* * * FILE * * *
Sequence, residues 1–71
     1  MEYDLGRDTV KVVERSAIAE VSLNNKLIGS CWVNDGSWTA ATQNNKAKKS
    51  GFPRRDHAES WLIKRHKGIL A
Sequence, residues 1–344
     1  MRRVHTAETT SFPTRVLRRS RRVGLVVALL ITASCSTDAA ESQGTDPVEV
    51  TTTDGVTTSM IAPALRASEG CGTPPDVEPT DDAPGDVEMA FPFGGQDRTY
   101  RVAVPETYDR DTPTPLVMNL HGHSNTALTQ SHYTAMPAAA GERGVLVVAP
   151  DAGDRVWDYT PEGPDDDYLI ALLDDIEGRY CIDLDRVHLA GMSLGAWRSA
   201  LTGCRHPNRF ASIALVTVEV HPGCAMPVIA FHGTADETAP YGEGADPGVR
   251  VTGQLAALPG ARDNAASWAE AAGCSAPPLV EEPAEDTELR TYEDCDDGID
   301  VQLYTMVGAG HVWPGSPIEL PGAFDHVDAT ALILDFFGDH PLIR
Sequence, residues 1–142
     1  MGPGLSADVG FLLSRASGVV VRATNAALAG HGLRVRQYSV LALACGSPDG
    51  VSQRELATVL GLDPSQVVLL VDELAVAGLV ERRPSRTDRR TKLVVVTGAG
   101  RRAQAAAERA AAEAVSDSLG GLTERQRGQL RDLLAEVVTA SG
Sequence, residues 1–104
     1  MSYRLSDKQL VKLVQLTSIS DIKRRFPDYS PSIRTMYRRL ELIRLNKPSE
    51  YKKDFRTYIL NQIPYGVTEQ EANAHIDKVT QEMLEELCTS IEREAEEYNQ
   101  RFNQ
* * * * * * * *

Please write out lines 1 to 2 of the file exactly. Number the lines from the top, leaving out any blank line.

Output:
Sequence, residues 1–71
     1  MEYDLGRDTV KVVERSAIAE VSLNNKLIGS CWVNDGSWTA ATQNNKAKKS